Altar-native


When the Lord God appeared and assured Isaac of his blessings, because of his faithfulness to Isaac’s faithful father, Isaac built an altar there and called upon the name of the Lord, pitching his tent there and Isaac’s servants digged a well there.

The right response when the Lord God appears in our life and assures to bless us for his faithfulness extends to a thousand generations of those who love him and keep his commandments (Deuteronomy 7:9), we must worship (call on the name of) the Lord God, and build in our hearts his altar and pitch our tent there – becoming natives of the altar. We must dig into our life, as an altar-native, so that living waters (Holy Spirit) may flow out of our lives.

Points to ponder:
Are you an altar-native? In the presence and promises of the Lord God, there should be no other alternative for us except us being an altar-native. Are you an altar-native?

Genesis 26:24-25 (KJV)
24 And the Lord appeared unto him the same night, and said, I am the God of Abraham thy father: fear not, for I am with thee, and will bless thee, and multiply thy seed for my servant Abraham’s sake.
25 And he builded an altar there, and called upon the name of the Lord, and pitched his tent there: and there Isaac’s servants digged a well.

The Lord’s perpetuity, presence and promise


When the Lord appeared to Isaac at Beersheba, he assured Isaac of:
– his perpetuity (I am the God of Abraham thy father),
– his presence (I am with thee), and
– his promise (I will bless thee and multiply thy seed).

Points to ponder:
Jesus said that before Abraham was he is (John 8:58) and that Abraham saw his day and rejoiced (John 8:56). Jesus also established that he and the Father God are one (John 10:30). Jesus is everlasting chosen from even before the foundations of the world (1 Peter 1:20). Jesus is perpetual.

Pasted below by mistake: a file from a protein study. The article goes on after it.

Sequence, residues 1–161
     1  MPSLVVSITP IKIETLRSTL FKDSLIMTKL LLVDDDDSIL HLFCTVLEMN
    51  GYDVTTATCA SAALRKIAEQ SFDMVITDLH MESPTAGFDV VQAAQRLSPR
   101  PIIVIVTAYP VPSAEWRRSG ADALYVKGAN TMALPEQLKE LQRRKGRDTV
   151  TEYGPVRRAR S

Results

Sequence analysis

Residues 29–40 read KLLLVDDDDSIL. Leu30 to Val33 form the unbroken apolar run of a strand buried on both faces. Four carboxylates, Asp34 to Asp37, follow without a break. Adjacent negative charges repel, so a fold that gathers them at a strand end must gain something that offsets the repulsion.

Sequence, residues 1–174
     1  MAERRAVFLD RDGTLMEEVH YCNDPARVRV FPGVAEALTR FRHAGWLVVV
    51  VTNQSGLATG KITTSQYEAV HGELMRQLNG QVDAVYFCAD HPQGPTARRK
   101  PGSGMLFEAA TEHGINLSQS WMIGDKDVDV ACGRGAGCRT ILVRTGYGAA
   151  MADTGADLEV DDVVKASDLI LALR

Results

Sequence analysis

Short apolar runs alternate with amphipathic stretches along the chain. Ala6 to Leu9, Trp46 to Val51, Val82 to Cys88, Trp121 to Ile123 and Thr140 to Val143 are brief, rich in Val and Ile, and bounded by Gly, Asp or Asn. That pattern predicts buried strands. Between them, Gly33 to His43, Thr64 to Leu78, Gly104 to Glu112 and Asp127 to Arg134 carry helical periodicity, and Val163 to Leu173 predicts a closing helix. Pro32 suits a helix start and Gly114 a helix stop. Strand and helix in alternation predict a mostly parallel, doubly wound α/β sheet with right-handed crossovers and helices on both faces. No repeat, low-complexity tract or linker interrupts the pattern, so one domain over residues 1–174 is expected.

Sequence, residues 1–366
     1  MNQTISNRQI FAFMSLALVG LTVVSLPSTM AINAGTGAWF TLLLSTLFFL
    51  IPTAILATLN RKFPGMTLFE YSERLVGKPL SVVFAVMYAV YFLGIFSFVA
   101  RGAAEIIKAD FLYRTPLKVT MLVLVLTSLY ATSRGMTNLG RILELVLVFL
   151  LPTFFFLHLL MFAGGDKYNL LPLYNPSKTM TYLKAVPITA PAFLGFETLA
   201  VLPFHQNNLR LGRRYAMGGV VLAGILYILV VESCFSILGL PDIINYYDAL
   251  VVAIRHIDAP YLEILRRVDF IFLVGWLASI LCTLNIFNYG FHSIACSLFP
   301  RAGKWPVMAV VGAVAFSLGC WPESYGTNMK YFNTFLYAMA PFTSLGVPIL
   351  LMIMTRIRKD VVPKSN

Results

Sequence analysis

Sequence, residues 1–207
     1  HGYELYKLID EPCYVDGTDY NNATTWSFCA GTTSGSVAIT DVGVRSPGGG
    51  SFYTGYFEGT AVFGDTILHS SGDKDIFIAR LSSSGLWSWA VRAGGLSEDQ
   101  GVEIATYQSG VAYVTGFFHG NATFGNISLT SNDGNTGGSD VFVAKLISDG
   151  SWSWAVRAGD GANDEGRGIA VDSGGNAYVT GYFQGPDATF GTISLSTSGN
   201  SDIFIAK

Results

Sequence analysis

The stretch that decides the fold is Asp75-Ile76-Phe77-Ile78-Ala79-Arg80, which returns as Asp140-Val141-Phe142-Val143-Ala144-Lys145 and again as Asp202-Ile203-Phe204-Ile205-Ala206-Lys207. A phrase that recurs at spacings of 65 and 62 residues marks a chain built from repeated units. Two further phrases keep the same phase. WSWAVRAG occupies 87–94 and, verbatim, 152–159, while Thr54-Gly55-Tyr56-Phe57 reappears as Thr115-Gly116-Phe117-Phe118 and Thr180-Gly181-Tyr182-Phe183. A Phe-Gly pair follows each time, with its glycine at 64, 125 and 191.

Jesus said that he is with his followers, always, even unto the end of the world (Matthew 28:20). Jesus is with all who open their lives to him (Revelation 3:20), believing in him and have receiving him as their Savior, Master and Lord (Revelation 3:20).
In Jesus Christ, we are blessed in heavenly places with spiritual blessings (Ephesians 1:3-6).

If you think your life is short, come to Jesus who is perpetual and in whom is eternal life.
If you think that you are all alone, be assured the Jesus has promised to be with you always.
If you think that your life is a curse, in Christ Jesus, you are blessed with spiritual blessings (chosen by God, cleansed by God, adopted as a child of God, credited into the Lamb of God’s book of life) in heavenly places.
The question that remains is: Are you blessed with spiritual blessings in heavenly places, by a perpetual, ever-present, promise keeping God? In other words, are you in Christ, having believed in him as Savior, Lord and Master of your life? The contrary is a dire situation. Are you blessed in Christ Jesus?

Genesis 26:24-25 (KJV)

24 And the Lord appeared unto him the same night, and said, I am the God of Abraham thy father: fear not, for I am with thee, and will bless thee, and multiply thy seed for my servant Abraham’s sake.

Ephesians 1:3-6 (KJV)
Blessed be the God and Father of our Lord Jesus Christ, who hath blessed us with all spiritual blessings in heavenly places in Christ:
According as he hath chosen us in him before the foundation of the world, that we should be holy and without blame before him in love:
Having predestinated us unto the adoption of children by Jesus Christ to himself, according to the good pleasure of his will,
To the praise of the glory of his grace, wherein he hath made us accepted in the beloved.

For my servant’s sake


Genesis 26:24 records an interesting phrase – “For my servant Abraham’s sake.